Court would not be justified in imposing restrictions in the cross examination of a witness, objections to decided at the end of the trial
Ajit Sukhijia Vs Edgar Francisco Valles
Bombay HC, Goa Bench
2016(2) ALLMR 447; WRIT PETITION NO. 411 OF 2015
About/from the judgment:
On plain reading of the said provisions, the contention of Shri Sudin Usgaonkar, learned Senior Advocate appearing for the Respondents, that the cross examination has to be restricted only to the statements made in the examination-inchief or in the pleadings cannot be accepted. It is always open in the cross examination to put questions in order that they can nullify or establish the veracity or otherwise of the allegations made in the proceedings.
7. When the relevancy and the admissibility of a particular question is seriously raised, it is the endeavour of the Court to elicit the answer after recording the objectives. The final decision on such objectives can be decided at the end of the trial. This view has been taken by this Court in the Judgment reported in 2015 SCC Bom 2571 in the case of Neema Hingarh vs. Ashish Hingarh, wherein it has been observed at Para 8 thus:
"8. In the case of Irfan Badshah (supra), the learned Single Judge of Delhi High Court considered Section 148 of the Indian Evidence Act, 1872 as also the decision of the Apex Court in the case of Special Cell, New Delhi v. Navjot Sandhi alias Afshan Guru, (2003) 6 SCC 641, wherein it was observed thus, "… the endeavour of the Court wherever there is a serious dispute with regard to the relevancy and admissibility of a question should be to elicit the answer of the witness after noting the objections. The final decision to reject particular evidence as irrelevant or inadmissible can be if required taken at the end of the trial. This procedure benefits even the appellate court as in a case where the question is disallowed or excluded from evidence and the appellate court feels that the same was essential, it is at this stage not required to remand back the matter for re-examination of the witness. Cross-examination is the main tool of an accused to test the veracity of the evidence of the witness and discredit his trustworthiness. Moreover, this does not mean that the trial court will not exercise its discretion in disallowing irrelevant questions."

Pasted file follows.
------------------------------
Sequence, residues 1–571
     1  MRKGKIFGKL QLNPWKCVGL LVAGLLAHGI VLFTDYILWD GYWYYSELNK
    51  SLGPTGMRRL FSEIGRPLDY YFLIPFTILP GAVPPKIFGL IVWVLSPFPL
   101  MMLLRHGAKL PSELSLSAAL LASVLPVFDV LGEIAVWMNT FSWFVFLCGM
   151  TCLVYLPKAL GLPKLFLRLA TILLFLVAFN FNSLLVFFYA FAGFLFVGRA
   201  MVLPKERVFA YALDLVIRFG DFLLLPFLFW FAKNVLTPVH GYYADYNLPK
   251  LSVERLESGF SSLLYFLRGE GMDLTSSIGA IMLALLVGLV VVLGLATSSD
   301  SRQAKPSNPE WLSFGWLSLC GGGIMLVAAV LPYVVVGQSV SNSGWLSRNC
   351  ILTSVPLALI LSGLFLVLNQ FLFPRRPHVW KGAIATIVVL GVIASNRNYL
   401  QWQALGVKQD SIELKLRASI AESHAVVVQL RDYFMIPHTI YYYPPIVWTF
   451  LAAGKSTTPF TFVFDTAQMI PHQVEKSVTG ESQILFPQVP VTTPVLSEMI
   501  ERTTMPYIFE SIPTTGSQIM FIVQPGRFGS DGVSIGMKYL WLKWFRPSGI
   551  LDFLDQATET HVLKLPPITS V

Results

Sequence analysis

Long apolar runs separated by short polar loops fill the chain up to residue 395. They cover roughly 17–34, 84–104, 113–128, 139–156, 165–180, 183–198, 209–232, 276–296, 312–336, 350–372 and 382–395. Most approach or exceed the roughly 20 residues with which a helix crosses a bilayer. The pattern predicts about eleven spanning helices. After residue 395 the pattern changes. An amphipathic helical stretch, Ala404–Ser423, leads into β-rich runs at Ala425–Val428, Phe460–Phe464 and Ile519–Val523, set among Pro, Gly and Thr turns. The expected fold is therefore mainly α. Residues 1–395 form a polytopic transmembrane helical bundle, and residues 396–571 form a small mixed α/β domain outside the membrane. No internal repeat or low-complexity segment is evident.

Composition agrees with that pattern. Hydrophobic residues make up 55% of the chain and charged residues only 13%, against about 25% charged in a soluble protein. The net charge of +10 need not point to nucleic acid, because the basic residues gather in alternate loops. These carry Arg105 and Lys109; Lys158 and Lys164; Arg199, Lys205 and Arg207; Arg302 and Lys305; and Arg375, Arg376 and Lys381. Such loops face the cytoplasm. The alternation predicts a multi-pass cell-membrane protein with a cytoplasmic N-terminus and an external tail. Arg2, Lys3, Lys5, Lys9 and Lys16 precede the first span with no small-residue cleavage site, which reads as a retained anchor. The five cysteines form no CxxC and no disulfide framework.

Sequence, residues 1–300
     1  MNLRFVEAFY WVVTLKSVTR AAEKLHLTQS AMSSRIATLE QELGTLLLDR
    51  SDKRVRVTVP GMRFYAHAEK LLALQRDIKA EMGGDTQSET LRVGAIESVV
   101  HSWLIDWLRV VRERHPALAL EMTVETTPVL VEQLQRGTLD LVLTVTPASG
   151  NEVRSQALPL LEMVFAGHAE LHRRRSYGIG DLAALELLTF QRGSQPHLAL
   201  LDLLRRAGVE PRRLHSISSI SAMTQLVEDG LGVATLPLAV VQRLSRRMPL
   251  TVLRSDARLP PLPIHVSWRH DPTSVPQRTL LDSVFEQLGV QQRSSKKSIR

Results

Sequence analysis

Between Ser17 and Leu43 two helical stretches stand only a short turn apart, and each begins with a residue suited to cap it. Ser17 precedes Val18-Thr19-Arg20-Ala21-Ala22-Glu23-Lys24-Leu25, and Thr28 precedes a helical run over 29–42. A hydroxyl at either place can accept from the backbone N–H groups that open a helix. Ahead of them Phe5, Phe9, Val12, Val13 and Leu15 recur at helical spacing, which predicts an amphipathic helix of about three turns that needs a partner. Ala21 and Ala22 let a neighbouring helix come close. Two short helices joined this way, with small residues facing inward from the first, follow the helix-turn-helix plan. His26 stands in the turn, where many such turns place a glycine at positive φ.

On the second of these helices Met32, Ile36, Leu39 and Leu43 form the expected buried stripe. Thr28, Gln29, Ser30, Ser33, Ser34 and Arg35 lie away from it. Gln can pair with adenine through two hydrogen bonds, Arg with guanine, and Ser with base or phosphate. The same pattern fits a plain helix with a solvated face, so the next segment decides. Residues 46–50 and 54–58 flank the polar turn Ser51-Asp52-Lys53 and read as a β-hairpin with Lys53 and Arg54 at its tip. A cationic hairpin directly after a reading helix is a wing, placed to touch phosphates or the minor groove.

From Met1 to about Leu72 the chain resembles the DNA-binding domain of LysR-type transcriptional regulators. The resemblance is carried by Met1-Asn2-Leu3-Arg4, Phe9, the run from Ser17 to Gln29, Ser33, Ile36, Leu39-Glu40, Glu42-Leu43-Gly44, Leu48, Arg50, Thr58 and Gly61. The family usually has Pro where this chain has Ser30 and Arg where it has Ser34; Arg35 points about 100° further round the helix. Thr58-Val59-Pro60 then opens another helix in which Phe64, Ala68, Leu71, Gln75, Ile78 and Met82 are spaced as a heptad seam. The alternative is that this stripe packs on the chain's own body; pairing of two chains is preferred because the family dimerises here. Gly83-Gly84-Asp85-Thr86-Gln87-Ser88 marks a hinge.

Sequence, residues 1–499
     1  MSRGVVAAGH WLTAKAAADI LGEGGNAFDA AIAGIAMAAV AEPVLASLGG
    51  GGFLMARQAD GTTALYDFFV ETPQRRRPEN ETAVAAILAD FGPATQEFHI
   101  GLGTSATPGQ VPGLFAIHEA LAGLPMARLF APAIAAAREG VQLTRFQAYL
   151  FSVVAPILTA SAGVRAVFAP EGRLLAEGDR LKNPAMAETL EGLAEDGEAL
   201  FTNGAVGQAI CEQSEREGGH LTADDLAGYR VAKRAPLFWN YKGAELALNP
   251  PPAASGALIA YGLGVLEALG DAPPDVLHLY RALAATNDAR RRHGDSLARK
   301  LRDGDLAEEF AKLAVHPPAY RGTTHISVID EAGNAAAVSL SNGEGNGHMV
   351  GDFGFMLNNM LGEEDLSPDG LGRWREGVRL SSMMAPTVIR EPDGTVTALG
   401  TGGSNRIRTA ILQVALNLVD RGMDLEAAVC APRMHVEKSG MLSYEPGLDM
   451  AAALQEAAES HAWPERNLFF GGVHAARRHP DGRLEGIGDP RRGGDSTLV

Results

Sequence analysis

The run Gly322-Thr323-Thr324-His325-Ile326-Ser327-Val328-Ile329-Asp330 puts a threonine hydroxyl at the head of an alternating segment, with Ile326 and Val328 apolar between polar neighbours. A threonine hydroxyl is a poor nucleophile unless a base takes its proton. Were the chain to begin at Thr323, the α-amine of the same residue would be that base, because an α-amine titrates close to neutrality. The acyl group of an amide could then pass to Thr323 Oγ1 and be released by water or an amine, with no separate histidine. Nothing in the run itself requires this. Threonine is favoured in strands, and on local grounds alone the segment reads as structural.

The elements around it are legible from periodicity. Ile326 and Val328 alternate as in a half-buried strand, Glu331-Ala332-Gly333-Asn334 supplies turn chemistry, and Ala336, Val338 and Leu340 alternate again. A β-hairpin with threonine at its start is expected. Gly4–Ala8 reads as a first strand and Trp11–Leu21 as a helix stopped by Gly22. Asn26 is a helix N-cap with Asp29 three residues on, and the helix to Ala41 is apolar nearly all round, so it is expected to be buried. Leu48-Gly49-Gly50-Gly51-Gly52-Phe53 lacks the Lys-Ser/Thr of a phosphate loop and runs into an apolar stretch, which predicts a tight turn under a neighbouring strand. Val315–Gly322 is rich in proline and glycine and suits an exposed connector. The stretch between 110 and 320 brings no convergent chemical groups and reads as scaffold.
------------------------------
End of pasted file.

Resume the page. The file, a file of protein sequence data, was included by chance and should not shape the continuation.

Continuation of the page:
In such circumstances, I find that the procedure followed by the learned Trial court refusing to allow the questions at the time of the cross examination, is not at all justified, unless the Court comes to the conclusion that the questions are inter alia those which a party cannot be forced to answer and are patent erroneous and put to delay the proceedings and for oblique purpose or have no nexus with the dispute between the parties.
As a general rule, the Court would not be justified in imposing restrictions in the cross examination of a witness. But however the Court may in the course of the trial come to the conclusion that some of the cross examination was unnecessary and, in such a case, the Court has powers to control the cross examination of a witness by the Counsel but such power has to be exercised in a reasonable way. As such, the Trial Court should see that the cross examination is not conducted in a rumbling way or that the questions are impermissible under the provisions of the Indian Evidence Act.
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